Debunking the myths of the Women’s Studies major

I am graduating this year, HOORAY! As I approach graduation at a women’s college with a degree in Women’s Studies, I reflect on all of the jaw drops, naive questions, and stereotypes that I have received from family, friends, peers, and strangers in my four years of study. Well, fun fact, everything you’ve probably heard about Women’s Studies majors (and women’s colleges) isn’t true.

I have narrowed down three of the biggest misconceptions people have when it comes to Women’s Studies majors:

Myth 1: We really hate men.

It’s quite the opposite, actually. When people ask me what my definition of feminism is, I give them a simple answer: “Representing and understanding the equality between men and women.” Part of my feminist journey and agenda is to let go of the stigma that men, in particular, associate with the word ‘feminism.’ I love men. Going to a women’s college and being surrounded by women constantly makes me often appreciate the men that I have in my life. I have male friends, uncles, a brother etc. all of whom I love and appreciate. Despite popular opinion, classes in my major don’t involve sitting in a circle talking about how much we hate men.

Myth 2: We will never find a job with our major

Not so fast! I applied for, interviewed, and got offered a job an entire year before graduation. That’s more than a lot of people, no matter what you’re major, can say for themselves. Women’s Studies majors hold a number of jobs. The beauty of this major is that it is interdisciplinary, meaning that you get your feet wet in many different subjects. Graduates work as victim advocates, for non-profit organizations, writers, career coaches, teachers, in the criminal justice field, and many, many other fields. It’s all about how you market yourself.

Myth 3: Feminism (and this major) isn’t as important as it was when women didn’t have rights.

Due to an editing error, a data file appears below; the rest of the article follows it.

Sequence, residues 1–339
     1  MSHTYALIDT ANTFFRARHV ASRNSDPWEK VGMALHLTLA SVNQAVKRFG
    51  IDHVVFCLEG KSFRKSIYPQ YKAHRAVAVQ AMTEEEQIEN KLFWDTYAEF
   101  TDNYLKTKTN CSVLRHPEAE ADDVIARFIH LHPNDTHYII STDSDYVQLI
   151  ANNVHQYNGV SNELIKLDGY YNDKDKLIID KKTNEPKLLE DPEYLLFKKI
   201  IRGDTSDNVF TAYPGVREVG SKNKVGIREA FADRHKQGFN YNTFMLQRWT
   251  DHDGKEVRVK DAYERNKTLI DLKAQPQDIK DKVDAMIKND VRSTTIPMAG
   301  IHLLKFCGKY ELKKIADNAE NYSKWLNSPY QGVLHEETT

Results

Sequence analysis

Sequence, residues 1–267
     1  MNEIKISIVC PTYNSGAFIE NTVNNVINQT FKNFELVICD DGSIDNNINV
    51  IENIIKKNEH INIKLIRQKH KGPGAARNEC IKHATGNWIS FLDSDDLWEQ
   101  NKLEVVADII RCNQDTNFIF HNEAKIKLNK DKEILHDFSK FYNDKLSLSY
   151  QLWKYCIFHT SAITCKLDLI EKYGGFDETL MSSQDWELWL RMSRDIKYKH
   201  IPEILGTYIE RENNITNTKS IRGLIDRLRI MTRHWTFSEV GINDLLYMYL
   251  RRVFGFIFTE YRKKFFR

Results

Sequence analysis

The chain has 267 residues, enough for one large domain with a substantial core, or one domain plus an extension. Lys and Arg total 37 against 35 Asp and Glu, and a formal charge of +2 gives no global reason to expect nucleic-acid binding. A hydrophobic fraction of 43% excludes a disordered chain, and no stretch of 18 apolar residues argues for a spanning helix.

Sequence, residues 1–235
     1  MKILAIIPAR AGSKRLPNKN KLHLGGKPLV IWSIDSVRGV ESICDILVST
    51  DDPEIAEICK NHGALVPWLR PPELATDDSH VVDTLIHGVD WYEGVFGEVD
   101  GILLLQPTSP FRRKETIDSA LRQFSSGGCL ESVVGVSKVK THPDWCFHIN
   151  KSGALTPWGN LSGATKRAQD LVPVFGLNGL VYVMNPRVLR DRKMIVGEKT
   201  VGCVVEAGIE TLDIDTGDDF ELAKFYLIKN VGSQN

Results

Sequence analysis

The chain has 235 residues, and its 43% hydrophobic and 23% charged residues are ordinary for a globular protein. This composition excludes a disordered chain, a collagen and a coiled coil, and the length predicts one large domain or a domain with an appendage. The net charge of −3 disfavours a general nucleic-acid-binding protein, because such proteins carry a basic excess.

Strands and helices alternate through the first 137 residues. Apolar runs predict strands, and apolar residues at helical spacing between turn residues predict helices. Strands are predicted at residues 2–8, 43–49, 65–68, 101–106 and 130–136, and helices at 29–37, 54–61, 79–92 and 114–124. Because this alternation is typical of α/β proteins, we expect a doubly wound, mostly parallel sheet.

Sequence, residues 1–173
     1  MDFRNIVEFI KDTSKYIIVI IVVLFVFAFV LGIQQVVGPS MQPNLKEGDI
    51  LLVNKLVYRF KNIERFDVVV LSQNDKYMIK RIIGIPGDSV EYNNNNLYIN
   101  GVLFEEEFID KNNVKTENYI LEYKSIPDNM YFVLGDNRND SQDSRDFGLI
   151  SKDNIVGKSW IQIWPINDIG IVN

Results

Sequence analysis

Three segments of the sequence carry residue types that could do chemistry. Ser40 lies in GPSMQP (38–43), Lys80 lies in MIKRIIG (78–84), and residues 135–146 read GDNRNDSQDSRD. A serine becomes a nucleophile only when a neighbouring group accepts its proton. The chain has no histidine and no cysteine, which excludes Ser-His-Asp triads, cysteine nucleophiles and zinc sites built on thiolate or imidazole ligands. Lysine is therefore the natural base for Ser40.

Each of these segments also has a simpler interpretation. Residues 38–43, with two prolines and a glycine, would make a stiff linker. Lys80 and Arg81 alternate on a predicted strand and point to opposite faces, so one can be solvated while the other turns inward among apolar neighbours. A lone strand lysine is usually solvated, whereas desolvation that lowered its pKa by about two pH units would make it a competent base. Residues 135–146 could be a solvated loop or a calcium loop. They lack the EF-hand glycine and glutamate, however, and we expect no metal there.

Boy, do I wish this was true. Feminism is just as, if not MORE, important than it was during suffrage or the second wave. Women are still fighting to close the huge wage gap between men and women in the work place. Feminism is helping women fight for control over their own bodies by gaining more reproductive rights. Finally, feminism is helping eliminate rape culture; a more serious problem than a majority of the world could ever believe. Do women have more rights and freedom then they did fifty years ago? Hell yes! But it’s because of the strong feminists that fought for those freedoms that we are where we are today. In order to gain equality and rights that we deserve, we still need to fight, and we still need feminism. We also need people to be educated about all that feminism entails, and that’s why my major is still important.

Lindsay Borkin is currently a Women’s Studies student at St Catherine University in St Paul, MN. Though she considers the Twin Cities her home now, her loyalty lies with Milwaukee and will always be a beer and cheese snob because of it. She still doesn’t have her post-graduation plans figured out and is really liking being a fake adult while in college. Her dream jobs would be to read novels all day in bed with endless coffee and a chocolate lab curled up at her feet. A girl can dream.

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